I think we all – I think all of us – want to feel something that we’ve forgotten or turned our backs on because maybe we didn’t realize how much we were leaving behind. We need to remember what used to be good. If we don’t, we won’t recognize it even if it hits us between the eyes. – Jenna Rink
When I saw 13 Going On 30 for the very first time, I was probably around the same age as a young Jenna Rink, and was already dead set on the idea of being a journalist, so the movie hit right on notes more than ever. But the true beauty of the movie wasn’t in the ideal cookie-cutter rom com way (well, the true beauty aside from the Thriller sequence), it was the message that centred around the power of individuality. Now hear me out, calling any rom com bereft of some misogyny is of course a largely untrue statement but this movie came pretty near in the idea of how your quirks can exist without them being deflected around by a man’s deep-set insecurities (I am looking at you 500 Days of Summer). The true Jenna Rink was rambunctious, very eclectic, very honest, and very kind. Well, when she wasn’t being all rude to Matt, or in the later years trying to indulge in Lucy’s vain lifestyle.
But the road to find out who she was, and what her roots were, and how her ideals were to shape up, she needed countless reality checks and a smiley face pancake! However, much like Love being a Battlefield, so was the path to righteousness. Much like a lot of teenagers, Jennifer Garner’s Jenna Rink believed that her teenage years were never going to cast a bad reflection when she is thirty and flirty and thriving. So her wish came true, and she began dating an adult version of high-school dumb jock, became friends with the rude girl from her past, had an affair with a married man, didn’t speak to her parents, alienated her best friend and her true love.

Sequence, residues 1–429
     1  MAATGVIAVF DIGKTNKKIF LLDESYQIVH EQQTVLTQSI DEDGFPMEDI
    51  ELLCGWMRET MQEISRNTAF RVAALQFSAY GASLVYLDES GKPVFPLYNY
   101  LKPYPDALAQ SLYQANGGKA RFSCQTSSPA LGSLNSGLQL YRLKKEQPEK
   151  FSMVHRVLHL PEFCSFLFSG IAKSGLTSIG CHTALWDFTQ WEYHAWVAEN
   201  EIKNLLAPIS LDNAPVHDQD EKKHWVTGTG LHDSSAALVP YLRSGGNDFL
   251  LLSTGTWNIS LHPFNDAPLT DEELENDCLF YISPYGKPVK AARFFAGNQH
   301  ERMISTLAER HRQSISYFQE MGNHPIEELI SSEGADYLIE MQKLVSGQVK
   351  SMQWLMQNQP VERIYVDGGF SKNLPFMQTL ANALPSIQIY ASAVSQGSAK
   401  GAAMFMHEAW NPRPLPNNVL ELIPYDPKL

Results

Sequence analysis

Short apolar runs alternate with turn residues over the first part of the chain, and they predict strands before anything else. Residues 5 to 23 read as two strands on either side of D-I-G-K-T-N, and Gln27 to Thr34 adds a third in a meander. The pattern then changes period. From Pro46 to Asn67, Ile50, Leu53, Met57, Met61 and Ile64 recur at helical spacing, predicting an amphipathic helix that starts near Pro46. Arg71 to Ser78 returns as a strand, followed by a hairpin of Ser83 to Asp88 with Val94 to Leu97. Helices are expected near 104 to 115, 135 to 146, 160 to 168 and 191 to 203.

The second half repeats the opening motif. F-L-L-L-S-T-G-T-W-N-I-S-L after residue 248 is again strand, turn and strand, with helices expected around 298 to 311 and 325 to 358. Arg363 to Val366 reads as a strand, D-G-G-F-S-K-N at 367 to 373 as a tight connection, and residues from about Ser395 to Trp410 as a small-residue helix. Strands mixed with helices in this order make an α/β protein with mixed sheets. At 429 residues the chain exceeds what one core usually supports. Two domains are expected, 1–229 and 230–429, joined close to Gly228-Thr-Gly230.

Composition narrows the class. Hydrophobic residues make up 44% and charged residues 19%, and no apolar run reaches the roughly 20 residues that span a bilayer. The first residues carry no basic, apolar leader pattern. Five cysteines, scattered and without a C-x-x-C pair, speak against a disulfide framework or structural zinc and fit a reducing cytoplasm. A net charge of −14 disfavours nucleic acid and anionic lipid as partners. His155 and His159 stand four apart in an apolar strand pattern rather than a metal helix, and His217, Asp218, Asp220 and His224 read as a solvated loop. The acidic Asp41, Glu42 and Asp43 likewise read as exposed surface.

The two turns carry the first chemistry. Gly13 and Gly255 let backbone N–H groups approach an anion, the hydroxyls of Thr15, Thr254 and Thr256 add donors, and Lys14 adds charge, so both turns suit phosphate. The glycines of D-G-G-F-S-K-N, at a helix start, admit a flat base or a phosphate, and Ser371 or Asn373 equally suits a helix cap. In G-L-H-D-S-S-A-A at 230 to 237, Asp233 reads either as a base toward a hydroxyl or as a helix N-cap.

This until, she realised that her true self was the polar opposite of everything she had become. And isn’t that how it is always? Don’t we find ourselves at a similar crossroads? I know I have. When you are so unsure of showing your true self that you borrow visages of proposed versions of self to appease others, and of course Jenna had to hear the sage words of her mother and with a little help of Matt she realised that she actually didn’t care for the materialism addled way of lifestyle, she didn’t want to sell her magazine out for a better job, and she definitely didn’t want to be someone she doesn’t like anymore.
Jenna Rink is a caricature that isn’t limited to just frothy dresses (thought some outfits they were), or nights in the park eating Razzles, or being the ultimate millennium princess with a job and a life in Manhattan; Jenna Rink was a fiercely ambitious woman, a woman knew her mind, and most importantly a woman who made mistakes, owned up to them and subsequently redeemed herself. So the lesson that I took from it, and that a lot of people hopefully did was that be your most authentic self without fear of judgment and trepidation – in the end you need to love who you have become and embrace that, everything else good will follow!